The Abona sanatorium, in Abades (Arico) in the south of the island of Tenerife, consists of more than 40 buildings and was designed in 1943 by José Enrique Regalado Moreno as a sanatorium for lepers. But due to scientific advances in curing the disease, the project was abandoned before it was completed, so it was never used for that purpose.
To access this interesting place, you must do so on foot, since road access is closed. Although this is private property, many people venture onto the shadowy dirt road between the buildings, some in ruins and others half built.
Some locals comment that sometimes strange noises are heard inside the church and its surroundings, which makes the place more mysterious and interesting for adventurers. The place is impressive for its size and for the large number of barracks, including a large concrete church with a style that takes us back to past times.
History of the Abades Sanatorium
After the Spanish Civil War, one of the most serious health problems in Tenerife society at the time was leprosy, a disease that in Tenerife alone accounted for a total of 197 patients. At that time it was believed that the solution to this problem was the isolation of those affected in places that had favorable climatic conditions and that were far from the main population centers to avoid contagion.
In 1943 a population for leprosy patients was projected in the territory of Punta de Abona, with administrative buildings facing the sea, a hospital, a crematorium, lodging buildings and a monumental concrete church, it was the post-war era and the The government considered the construction of the leper colony in the Abades area to be of prime necessity.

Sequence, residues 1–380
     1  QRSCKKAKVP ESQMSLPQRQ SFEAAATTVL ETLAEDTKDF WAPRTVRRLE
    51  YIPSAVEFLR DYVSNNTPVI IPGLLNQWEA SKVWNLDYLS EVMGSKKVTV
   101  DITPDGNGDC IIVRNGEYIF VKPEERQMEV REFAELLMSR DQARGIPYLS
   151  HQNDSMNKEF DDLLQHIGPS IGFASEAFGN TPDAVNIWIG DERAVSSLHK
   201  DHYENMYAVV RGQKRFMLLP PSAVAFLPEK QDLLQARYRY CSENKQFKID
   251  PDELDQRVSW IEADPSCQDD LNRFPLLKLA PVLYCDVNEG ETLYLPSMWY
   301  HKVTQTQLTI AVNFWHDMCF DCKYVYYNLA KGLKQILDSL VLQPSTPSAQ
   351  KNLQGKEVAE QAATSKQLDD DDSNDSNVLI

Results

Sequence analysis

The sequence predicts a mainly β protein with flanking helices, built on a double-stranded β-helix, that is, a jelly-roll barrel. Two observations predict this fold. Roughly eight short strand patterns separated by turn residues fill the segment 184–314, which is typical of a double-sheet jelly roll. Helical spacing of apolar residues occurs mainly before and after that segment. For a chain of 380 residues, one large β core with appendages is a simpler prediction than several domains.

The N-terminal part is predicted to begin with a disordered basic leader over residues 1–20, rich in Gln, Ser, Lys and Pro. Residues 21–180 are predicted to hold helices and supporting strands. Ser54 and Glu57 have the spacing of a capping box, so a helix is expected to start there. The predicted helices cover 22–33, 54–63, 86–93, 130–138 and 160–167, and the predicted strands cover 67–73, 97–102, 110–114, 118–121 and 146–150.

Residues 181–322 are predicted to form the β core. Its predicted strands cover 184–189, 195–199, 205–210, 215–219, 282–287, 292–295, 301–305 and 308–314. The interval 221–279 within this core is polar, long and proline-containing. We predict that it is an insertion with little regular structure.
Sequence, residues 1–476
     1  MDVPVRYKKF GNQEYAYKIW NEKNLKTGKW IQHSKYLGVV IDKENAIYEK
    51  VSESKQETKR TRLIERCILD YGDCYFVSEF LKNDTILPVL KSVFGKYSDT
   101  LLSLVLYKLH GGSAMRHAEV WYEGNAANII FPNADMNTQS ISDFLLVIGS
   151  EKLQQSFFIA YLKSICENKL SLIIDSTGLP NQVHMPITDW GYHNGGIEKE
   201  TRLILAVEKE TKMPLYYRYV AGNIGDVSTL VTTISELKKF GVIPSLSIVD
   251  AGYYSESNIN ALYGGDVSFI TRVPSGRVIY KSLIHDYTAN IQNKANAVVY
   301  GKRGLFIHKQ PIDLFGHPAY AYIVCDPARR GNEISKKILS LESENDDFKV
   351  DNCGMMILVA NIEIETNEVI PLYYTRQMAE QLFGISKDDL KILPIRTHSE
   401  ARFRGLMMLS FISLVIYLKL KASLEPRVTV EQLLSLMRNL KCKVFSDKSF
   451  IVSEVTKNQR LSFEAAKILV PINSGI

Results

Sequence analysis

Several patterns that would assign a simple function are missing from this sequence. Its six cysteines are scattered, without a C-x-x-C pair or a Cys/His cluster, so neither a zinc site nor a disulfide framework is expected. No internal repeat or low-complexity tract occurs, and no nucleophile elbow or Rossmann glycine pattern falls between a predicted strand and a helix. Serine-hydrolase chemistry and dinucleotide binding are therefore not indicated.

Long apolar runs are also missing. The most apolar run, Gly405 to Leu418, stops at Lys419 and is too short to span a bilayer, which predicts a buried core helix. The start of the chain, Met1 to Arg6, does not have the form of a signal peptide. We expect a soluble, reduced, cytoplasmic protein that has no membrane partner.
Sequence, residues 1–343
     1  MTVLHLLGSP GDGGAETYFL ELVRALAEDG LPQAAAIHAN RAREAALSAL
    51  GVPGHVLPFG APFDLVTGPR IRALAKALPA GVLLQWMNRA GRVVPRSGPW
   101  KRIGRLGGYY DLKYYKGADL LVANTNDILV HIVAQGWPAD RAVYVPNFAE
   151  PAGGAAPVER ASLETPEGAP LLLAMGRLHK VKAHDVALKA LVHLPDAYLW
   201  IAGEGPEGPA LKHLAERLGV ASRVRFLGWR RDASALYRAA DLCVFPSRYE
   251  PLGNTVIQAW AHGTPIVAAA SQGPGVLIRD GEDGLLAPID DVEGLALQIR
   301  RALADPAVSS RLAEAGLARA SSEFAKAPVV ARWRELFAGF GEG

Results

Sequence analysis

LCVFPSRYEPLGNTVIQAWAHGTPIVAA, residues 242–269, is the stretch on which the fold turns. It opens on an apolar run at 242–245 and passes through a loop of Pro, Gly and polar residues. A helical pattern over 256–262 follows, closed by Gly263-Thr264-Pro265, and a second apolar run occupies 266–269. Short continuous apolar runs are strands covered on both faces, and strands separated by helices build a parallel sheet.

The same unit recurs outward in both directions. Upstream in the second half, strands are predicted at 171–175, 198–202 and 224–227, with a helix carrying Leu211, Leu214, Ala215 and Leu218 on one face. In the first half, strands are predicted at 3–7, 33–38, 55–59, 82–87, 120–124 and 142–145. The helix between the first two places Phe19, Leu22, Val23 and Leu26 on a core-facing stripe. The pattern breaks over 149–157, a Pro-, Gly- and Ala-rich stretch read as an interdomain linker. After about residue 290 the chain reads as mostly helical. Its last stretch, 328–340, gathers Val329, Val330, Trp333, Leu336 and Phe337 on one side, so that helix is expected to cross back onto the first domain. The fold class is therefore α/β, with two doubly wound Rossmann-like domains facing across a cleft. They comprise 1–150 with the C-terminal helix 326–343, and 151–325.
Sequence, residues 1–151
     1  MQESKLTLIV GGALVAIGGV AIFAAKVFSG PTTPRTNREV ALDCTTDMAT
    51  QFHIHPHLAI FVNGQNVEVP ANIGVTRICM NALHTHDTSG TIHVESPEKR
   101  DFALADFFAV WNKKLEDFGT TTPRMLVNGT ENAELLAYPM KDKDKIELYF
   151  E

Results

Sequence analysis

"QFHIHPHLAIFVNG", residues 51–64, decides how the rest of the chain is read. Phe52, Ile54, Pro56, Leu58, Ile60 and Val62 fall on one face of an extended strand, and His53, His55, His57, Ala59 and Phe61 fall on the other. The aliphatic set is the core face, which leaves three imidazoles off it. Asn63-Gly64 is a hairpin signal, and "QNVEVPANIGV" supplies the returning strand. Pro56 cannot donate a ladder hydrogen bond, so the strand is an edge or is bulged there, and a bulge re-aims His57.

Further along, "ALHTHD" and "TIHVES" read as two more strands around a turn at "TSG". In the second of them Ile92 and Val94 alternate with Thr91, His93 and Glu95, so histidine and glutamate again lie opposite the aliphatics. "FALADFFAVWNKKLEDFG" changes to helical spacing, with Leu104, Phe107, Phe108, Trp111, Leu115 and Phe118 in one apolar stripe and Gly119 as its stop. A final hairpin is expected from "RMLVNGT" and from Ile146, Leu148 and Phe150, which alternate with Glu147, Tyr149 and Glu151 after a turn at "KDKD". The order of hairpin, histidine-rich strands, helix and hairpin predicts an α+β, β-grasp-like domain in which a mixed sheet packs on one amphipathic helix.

This construction was designed by the architect José Enrique Marrero Regalado (Granadilla de Abona in 1897 – 1956) and author of several architectural works on the island such as the Cabildo building, the Market of Our Lady of Africa, the Casa Cuna, the Víctor Cinema and the Basilica of Our Lady of Candelaria.
The project was abandoned when the arrival of new medicines allowed the effective treatment of this disease and later converted into land for military practices. This area was demilitarized and later sold to an Italian owner in 2002 to create a tourist complex.
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